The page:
A new web skimmer campaign has targeted real estate websites by attacking the cloud video distribution supply chain, according to Unit 42 research.

Often, supply chain networks are targets since controlling a weak link in the supply chain allows attackers access to more victims, especially when the weak link is the source of the supply chain. In this case, the attacker injected the skimmer JavaScript codes into the video, so whenever others import the footage, their websites get embedded with skimmer codes.

Hank Schless, Senior Manager, Security Solutions at Lookout, an endpoint-to-cloud security company, explains, “By injecting malicious code into front-end web pages, formjacking campaigns are a common way for threat actors to steal sensitive data. Since the actor can customize the malicious form, they could easily slip into a field that’s tangentially aligned with the host website’s actual intention. For example, in this incident with a real estate site, the attacker could ask for all of the basic information but add a line for the user’s social security number to validate their credit. This same tactic could be used to swipe corporate login credentials from employees. Creating a fake login form would be just as straightforward as any other data-collecting form.”

Unit 42 researchers detected more than 100 real estate sites that were compromised by the same skimmer attack. After analysis, researchers found that all the compromised sites belong to one parent company, Sotheby’s. All these compromised sites are importing the same video (accompanied by malicious scripts) from a cloud video platform.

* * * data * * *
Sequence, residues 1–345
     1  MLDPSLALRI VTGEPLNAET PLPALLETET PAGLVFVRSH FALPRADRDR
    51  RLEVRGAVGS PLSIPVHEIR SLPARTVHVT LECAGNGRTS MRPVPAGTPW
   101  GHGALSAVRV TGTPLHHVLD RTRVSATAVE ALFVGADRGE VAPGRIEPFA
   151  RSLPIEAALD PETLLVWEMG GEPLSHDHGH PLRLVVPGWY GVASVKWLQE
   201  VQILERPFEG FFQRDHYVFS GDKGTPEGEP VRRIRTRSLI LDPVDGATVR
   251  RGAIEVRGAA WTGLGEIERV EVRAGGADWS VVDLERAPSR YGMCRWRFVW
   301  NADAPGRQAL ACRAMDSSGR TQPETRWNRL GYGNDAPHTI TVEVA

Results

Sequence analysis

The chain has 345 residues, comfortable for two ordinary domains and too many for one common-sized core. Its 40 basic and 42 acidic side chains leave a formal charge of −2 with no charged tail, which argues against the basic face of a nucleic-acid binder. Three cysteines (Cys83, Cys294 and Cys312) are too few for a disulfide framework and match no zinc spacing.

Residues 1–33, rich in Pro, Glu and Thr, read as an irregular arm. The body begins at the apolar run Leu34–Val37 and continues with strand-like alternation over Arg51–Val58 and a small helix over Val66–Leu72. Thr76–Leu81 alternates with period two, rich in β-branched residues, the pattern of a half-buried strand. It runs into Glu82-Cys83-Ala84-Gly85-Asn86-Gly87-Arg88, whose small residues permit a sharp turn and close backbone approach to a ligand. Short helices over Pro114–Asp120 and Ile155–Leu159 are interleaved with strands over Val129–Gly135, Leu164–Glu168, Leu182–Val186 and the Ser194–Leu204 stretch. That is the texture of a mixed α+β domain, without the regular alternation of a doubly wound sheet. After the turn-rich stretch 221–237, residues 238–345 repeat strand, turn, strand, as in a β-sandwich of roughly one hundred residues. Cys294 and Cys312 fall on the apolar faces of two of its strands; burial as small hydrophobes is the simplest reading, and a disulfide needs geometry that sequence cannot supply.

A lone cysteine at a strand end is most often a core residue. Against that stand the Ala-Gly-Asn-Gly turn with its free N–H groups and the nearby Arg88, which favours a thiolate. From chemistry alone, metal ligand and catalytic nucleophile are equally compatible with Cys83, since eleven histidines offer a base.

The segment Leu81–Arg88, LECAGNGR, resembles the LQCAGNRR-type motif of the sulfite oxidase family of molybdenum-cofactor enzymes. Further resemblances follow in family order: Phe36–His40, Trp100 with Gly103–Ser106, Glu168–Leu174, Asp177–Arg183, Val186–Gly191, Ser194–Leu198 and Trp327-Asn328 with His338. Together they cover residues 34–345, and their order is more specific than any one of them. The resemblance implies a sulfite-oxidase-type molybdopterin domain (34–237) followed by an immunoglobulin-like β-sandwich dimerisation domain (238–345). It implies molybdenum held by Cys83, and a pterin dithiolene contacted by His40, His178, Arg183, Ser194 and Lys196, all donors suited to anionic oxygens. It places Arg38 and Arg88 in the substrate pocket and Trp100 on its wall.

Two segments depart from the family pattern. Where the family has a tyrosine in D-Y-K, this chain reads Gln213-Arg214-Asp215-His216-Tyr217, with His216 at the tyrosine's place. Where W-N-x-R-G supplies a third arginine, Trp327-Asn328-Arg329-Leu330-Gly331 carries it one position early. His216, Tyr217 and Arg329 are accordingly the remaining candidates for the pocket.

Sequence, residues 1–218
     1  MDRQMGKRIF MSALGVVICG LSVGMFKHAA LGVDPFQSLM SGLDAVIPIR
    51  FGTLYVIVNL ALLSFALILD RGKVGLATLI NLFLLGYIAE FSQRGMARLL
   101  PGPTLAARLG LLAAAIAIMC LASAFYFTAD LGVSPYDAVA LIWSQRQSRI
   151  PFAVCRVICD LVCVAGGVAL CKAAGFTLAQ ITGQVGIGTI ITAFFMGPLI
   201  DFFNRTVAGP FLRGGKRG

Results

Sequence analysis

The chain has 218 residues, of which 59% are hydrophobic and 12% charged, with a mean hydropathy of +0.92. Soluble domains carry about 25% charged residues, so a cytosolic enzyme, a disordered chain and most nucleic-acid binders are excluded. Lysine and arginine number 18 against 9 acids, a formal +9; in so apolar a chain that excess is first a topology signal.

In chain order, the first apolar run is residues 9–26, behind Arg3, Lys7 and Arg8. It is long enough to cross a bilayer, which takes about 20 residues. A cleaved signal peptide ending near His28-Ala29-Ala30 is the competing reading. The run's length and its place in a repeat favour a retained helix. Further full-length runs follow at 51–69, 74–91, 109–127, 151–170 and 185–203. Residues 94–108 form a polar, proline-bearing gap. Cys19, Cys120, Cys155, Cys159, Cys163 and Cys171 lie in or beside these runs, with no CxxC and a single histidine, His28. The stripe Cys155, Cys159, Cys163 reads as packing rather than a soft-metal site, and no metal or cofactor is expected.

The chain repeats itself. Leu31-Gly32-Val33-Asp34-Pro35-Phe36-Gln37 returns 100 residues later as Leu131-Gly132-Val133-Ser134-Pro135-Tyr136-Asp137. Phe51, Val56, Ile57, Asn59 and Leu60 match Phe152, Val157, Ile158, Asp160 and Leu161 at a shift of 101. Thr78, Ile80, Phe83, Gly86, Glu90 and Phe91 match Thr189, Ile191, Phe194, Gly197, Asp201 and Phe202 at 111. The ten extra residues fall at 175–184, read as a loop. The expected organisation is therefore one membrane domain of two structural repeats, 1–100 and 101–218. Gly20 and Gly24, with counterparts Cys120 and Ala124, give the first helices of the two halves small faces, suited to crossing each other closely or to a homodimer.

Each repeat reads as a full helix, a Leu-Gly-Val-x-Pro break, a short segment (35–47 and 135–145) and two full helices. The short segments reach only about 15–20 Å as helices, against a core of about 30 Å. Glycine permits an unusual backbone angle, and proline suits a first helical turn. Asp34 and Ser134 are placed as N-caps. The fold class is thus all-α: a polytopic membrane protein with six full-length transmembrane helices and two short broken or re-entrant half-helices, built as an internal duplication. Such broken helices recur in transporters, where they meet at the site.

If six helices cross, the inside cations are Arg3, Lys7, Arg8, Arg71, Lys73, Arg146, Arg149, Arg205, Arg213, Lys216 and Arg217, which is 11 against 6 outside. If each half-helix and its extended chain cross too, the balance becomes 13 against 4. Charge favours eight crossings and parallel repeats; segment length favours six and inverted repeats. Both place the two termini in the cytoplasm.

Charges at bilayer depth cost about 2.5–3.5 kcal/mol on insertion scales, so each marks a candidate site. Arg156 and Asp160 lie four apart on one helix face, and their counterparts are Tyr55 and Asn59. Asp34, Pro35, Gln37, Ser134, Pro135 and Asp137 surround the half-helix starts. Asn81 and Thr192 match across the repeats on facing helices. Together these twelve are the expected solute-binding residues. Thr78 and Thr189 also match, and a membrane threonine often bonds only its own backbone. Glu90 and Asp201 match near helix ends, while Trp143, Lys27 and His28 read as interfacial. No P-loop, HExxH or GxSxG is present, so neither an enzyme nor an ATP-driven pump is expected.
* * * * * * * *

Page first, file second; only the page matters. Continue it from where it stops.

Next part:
The compromise-one-to-compromise-many is an emerging tactic across commodity malware and low-level cybercriminals. The problem is rooted in how interconnected our digital systems have become, says Davis McCarthy, Principal Security Researcher at Valtix, a cloud-native network security services provider. “Detecting supply chain compromise in the cloud is difficult because visibility isn’t shared equally across all involved parties; the account holder, the SaaS provider, the compromised website owner, and the victimized end user. Abuse is injected into the trust inherited by each party leading to a massive visibility gap. Across the board, detecting abnormal authentication events, monitoring for suspicious domain queries, leveraging threat intelligence to prevent known threats, and auditing deployed services can aid in mitigating this level of compromise.”

Regardless of the intent, Schless says, the greater lesson in this incident is that it’s necessary to know who has access to your cloud-based assets and how users interact with data. He adds, “Whether it’s a front-end webpage or sensitive data stored in your back-end infrastructure, visibility is king. As every organization expands its web and cloud-based presence, they need to be sure that security is part of developing and managing these modern assets. Integrating security into the mindset of every team will benefit the organization as a whole, and implementing the right solutions that protect your employees, users, and data without increasing operational complexity is a key aspect of any modern security strategy.”

In 2018, Sotheby’s revealed that its website had been infected with magecart for 19 months, and also admitted the attack period could have been even longer than 19 months. Nadav Levy, senior product manager of Cyberpion, says, “It is clear that Sotheby’s didn’t fully rectify the situation since their initial Magecart attack in 2018. Formjacking a very common and effective technique in supply chain attacks. Now more than ever, it is critical for companies to continually monitor their supply chains to prevent repeat attacks. In addition, companies need to periodically load their scripts to check if they have been manipulated. They should also inspect to see if scripts are being added to pages and then report or block unintended behavior.”